Developed as a U.S. Small Business Innovation Research (SBIR) project, the Corrosion and Coating Evaluation System (CorRES) aims to accelerate the screening, qualification, and implementation of new aircraft coatings, according to scientists at the Air Force Research Laboratory (AFRL) (Wright-Patterson Air Force Base, Ohio, USA).1
“By better understanding the corrosion performance of materials we put on an aircraft, we can help control corrosion costs and enable smart maintenance,” says Chad Hunter, the team lead for corrosion and erosion in the systems support division at the AFRL’s materials and manufacturing directorate. “Corrosion maintenance costs are more than $5 billion a year for the Air Force, so if we can better understand a material from the start, we can enable smart maintenance and ultimately reduce costs throughout the life cycle.”
According to the Air Force, aircraft coatings are the first line of defense when it comes to mitigating the structural corrosion of an air platform. As new coatings are developed, particularly those containing non-chrome primers, AFRL researchers say material qualification tests are essential.
Use of Sensor Panels
To address this challenge, the CorRES system measures the ability of coatings to protect aircraft structures using sensor panels that perform electrochemical measurements during corrosion testing.
Unlike conventional coating tests that rely on an expert’s visual evaluation of a test panel at the end of a test cycle, CorRES records corrosion rate data throughout a test and transmits the data over a wired RS-485 interface cable to a base station for evaluation.
This enables researchers to know not only if a coating fails, but exactly when this occurs during a test. Each system includes continuous environmental measurements of temperature and humidity, and a module for evaluating the ability of coatings to protect alloys from stress corrosion fatigue is also part of the system. Data collection and storage are fully automated so that environmental measurements, along with corrosion rate and crack velocity, are continuously measured throughout a test.
“Legacy systems do not produce time-based, quantitative measurements inside of the test chamber, but rather, these are taken after a panel is removed,” Hunter explains. “There’s a lot of variability in corrosion tests, and CorRES allows us to monitor this variability and provides quantitative data that help us better understand a coating’s performance in the lab so we can project how it will perform in the operational environment.”
The system is designed for both accelerated chamber use in the laboratory and at outdoor sites in the field, and it can be operated autonomously or by using a connected laptop computer.
Each multi-sensor panel includes a gold interdigitated electrode, an AA7075-T6 (UNS A97075) aluminum alloy electrode, and an electrode comprised of the AA7075-T6 aluminum alloy and Type 316L (UNS S31603) stainless steel (SS) in a single package.
The specialized test panels included with the system package—prepared, painted, and tested like traditional panels—are used to measure the ability of a coating to protect a given substrate from the environment as well as inhibit corrosion at a defect. Barrier properties of the intact coating are measured, as well as the corrosion rate of the engineered alloy or dissimilar metal coupling of interest at a defect (galvanic corrosion).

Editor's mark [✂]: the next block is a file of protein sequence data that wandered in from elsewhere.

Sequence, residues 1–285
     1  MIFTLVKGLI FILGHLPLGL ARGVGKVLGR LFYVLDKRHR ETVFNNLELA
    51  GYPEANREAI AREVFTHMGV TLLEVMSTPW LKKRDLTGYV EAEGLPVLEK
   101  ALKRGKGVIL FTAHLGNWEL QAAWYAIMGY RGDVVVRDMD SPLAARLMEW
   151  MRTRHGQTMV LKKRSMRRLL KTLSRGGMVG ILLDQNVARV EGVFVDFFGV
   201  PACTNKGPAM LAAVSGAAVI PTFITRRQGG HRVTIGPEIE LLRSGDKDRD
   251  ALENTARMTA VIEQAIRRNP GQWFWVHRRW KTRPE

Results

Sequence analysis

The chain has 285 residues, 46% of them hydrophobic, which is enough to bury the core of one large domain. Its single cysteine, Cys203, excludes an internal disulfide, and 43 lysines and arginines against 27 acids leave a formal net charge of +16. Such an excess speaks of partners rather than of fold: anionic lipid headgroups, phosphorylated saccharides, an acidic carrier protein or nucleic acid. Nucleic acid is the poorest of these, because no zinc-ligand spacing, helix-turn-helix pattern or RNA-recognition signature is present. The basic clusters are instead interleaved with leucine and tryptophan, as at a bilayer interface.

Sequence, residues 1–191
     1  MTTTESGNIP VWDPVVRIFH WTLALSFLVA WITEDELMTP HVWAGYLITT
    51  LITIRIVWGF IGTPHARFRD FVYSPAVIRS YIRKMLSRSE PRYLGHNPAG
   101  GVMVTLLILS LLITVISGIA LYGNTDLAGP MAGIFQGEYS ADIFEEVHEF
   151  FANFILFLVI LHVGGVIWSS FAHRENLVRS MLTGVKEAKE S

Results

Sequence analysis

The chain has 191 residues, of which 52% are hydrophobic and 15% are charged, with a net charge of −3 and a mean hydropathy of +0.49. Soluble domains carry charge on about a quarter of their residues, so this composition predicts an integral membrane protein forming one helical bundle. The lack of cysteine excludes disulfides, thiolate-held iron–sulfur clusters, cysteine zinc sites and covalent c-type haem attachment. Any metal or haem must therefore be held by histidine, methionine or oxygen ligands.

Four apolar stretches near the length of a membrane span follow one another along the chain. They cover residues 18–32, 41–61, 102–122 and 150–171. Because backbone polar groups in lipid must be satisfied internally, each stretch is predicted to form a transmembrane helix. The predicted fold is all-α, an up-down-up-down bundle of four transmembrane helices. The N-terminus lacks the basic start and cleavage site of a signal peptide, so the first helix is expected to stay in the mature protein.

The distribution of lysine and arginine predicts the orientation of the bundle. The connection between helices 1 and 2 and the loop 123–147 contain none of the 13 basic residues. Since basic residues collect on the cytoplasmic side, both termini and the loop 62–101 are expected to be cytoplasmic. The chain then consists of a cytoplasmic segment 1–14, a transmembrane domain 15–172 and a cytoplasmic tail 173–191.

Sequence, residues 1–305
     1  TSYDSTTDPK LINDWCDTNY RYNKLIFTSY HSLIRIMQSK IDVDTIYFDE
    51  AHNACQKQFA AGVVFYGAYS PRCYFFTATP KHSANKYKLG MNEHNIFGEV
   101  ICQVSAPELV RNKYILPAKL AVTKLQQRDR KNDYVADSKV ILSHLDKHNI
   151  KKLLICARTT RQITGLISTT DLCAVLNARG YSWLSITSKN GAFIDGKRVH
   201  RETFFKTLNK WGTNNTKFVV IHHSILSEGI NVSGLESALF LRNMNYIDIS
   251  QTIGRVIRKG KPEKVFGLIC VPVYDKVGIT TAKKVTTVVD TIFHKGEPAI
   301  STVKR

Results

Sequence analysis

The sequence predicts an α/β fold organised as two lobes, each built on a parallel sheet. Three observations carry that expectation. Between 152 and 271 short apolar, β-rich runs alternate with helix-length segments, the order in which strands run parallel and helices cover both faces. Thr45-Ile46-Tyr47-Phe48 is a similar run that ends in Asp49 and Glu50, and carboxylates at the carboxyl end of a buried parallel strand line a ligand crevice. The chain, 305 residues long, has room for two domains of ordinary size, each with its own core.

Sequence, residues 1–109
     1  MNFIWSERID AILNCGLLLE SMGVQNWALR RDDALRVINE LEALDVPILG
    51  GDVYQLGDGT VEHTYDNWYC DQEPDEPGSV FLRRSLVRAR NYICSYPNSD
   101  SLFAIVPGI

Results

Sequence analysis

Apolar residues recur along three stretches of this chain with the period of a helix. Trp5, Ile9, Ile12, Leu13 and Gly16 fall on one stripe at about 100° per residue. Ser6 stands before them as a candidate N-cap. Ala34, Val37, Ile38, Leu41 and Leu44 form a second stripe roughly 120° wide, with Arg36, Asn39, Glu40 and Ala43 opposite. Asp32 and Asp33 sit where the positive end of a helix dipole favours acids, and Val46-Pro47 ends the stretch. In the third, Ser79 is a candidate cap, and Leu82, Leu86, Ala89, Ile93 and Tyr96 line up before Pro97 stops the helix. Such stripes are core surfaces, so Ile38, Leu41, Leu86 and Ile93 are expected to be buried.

“[Conventional] tests focus on aesthetic performance and do not provide data of localized corrosion processes that represent the greatest risk to aircraft structures,” Luna says in explaining its technology.
More Comprehensive Data
According to the Air Force, this system provides a more comprehensive set of data because the sensing elements can measure free corrosion potential via the voltage difference between the immersed metal and the reference electrode, as well as galvanic corrosion, coating barrier properties, and the effects of the environment on coating materials—all in a single testing platform.
“With this system, we are able to get some granularity on performance,” Hunter explains. “For example, you can test 20 primers, and they all may pass, but the pass is with a different degree of success. This will help us to determine which performed the best based on sensing data. We can pinpoint when change happens.”
Underperforming coatings can be eliminated from screenings earlier in the testing process, thus streamlining qualification efforts and reducing the time and costs associated with coating tests for the Air Force.
“Part of our mission at AFRL is to develop new technologies to address technical questions and issues in the field,” Hunter says. “Multi-sensor panels and systems like CorRES provide us with useful information that can reduce costs as we develop next-generation materials for the warfighter.”
The Air Force says the platform is also being tested and used by industry, including a leading U.S. aircraft manufacturer, alloy producer, coatings raw material manufacturer, and the U.K. government’s National Physical Laboratory (Teddington, United Kingdom).
Sources: U.S. Defense Video Imagery Distribution System, www.dvidshub.net; Luna Innovations, www.lunainc.com; and SBIR, www.sbir.gov.
1 “New Corrosion Evaluation System Makes 'Sense' for Air Force,” Defense Visual Information Distribution Service News, March 20, 2018, https://www.dvidshub.net/news/269990/new-corrosion-evaluation-system-makes-sense-air-force (April 10, 2018).